On October 31, 1998, the Associated Press broke the news of the DNA findings linking Thomas Jefferson to Sally Hemings through the Eston Hemings line. On November 10, on national TV, Oprah united members of the Jefferson family and the descendants of the Eston, Madison, and Woodson lines of the Hemings family--and history was made. On this show, Lucian Truscott IV, a Jefferson descendant, issued an invitation to the Hemings family to come to a family reunion at Monticello. At the reunion, emotions ran high--and it was in this setting that photographer Jane Feldman met Shannon Lanier and the idea for this book was born. The authors have since traveled the country amassing historical materials and interviewing and photographing members of both sides of the family. This is the story of their journey, 200 years back in time, and back and forth across family and racial lines. It is not so much a story of black and white as it is a story about an American family.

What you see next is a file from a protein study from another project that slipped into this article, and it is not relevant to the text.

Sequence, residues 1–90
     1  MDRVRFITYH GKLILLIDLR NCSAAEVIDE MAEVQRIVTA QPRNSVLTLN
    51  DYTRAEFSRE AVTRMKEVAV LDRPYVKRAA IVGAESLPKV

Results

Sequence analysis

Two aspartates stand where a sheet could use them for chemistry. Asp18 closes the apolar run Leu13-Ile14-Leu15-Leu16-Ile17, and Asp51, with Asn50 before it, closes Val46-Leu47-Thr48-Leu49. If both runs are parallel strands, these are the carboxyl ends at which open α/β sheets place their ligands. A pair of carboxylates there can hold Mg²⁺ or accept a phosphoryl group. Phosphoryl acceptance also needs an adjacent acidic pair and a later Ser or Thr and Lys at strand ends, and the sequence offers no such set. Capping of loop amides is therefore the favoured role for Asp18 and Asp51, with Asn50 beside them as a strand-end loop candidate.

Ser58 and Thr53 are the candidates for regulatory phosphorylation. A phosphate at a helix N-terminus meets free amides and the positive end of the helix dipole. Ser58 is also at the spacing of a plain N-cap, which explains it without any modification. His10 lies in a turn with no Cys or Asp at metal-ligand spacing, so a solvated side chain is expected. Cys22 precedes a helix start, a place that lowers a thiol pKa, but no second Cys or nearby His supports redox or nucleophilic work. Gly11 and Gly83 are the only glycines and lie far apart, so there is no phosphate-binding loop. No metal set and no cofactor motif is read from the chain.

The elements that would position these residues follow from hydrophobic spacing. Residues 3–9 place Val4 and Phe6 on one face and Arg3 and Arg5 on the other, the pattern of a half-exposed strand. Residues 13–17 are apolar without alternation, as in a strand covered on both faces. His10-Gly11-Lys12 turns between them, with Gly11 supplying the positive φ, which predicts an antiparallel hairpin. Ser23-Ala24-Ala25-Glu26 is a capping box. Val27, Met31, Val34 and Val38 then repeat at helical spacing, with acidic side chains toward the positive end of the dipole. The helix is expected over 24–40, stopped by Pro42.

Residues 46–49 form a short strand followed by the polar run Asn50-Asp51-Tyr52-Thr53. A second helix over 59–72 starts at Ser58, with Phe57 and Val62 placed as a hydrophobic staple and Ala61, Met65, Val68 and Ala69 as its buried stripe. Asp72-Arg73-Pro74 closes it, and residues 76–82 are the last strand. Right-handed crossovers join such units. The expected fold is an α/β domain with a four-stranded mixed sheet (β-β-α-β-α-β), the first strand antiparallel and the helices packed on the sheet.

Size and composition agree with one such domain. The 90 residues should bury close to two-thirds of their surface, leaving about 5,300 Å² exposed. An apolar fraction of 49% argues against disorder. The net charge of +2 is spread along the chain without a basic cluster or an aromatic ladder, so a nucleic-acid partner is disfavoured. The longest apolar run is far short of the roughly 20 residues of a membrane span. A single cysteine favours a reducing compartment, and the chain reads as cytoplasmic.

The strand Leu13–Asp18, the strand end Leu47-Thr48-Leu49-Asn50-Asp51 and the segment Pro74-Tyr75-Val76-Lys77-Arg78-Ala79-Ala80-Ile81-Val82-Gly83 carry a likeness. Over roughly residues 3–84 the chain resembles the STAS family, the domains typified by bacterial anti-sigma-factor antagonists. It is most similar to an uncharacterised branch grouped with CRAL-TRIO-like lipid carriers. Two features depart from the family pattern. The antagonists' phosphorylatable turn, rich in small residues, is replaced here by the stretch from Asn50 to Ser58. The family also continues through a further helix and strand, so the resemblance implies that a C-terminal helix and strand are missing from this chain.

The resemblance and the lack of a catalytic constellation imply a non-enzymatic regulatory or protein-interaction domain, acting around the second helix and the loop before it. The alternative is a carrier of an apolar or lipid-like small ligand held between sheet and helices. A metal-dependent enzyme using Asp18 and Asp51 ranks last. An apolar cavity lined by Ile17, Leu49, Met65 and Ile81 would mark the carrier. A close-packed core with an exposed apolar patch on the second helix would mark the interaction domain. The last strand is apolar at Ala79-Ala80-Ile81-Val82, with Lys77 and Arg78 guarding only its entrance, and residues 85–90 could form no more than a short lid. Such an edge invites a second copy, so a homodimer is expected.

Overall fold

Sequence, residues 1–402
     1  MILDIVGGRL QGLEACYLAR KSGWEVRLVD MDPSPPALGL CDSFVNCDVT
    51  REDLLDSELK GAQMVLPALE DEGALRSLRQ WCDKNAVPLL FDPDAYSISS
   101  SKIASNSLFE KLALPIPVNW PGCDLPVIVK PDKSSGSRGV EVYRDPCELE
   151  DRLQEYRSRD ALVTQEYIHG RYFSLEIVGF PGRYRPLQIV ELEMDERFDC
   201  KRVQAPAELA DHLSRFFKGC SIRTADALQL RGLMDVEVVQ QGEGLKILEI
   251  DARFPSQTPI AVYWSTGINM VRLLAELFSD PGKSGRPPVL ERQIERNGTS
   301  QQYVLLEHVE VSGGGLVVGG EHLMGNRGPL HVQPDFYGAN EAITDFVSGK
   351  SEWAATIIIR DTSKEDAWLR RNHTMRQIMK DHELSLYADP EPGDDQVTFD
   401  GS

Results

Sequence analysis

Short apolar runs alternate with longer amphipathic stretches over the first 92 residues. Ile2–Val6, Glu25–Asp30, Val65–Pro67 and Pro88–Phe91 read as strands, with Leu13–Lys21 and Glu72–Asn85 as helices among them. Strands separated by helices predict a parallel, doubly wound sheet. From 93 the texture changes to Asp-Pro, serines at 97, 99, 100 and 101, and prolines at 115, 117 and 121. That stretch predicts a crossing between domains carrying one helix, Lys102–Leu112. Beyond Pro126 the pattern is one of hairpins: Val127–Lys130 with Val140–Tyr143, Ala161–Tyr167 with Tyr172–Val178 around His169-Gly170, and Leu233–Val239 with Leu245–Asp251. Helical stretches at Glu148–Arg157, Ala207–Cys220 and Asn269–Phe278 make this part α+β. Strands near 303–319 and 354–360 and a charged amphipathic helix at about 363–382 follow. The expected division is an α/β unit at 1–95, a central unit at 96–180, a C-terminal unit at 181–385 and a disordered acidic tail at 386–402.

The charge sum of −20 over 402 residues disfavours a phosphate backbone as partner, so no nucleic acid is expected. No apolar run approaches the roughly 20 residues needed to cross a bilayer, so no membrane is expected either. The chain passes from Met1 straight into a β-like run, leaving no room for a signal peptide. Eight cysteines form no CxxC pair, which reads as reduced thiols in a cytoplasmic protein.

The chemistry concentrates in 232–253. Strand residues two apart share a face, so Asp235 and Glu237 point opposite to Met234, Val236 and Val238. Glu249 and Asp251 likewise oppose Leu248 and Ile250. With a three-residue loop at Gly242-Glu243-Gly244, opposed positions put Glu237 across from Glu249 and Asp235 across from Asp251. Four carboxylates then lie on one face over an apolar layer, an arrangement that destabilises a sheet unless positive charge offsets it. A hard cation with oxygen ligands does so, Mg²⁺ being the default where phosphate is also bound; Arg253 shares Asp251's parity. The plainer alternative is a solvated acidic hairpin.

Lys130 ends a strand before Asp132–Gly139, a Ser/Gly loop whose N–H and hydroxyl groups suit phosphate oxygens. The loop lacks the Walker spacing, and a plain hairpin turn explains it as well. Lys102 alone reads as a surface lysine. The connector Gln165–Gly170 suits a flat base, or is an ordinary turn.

The controversy over the relationship between Thomas Jefferson and his African American slave Sally Hemings has raged for generations. Shannon Lanier, a 20-year-old descendant of Jefferson and Hemings, was inspired to delve deeper into the debate after attending the Monticello Association's yearly meeting in 1999. On the heels of the discovery through DNA evidence of a link between Jefferson and Hemings, excitement was running high at Jefferson's famous homestead. Lanier, who is black, encountered Jeffersons who embraced him, and those who wouldn't even shake his hand. He met Hemingses who looked as white as Jeffersons, Jeffersons who refused to acknowledge the scientific evidence, and Hemingses who were angry at having to prove their lineage. In this climate of stirred-up emotions and racial tensions, Lanier, along with photographer Jane Feldman, decided to write this book in hopes of unraveling some of the mystery, and giving members of one of America's largest, most well-known families a chance to speak. The result is a fascinating look at race relations, history--both oral and written, and family ties. The authors interview dozens of individuals who claim--or disclaim--shared ancestry. Many of those interviewed believe that, DNA testing or not, the connection between these families is a powerful symbol of America; to acknowledge the link would be a major step toward racial harmony. Eager, friendly, and astute, Lanier brings out the heartfelt thoughts and emotions of his extended family, while Feldman's photos capture the expressions of hope and joy on their faces. (Ages 11 and older) --Emilie Coulter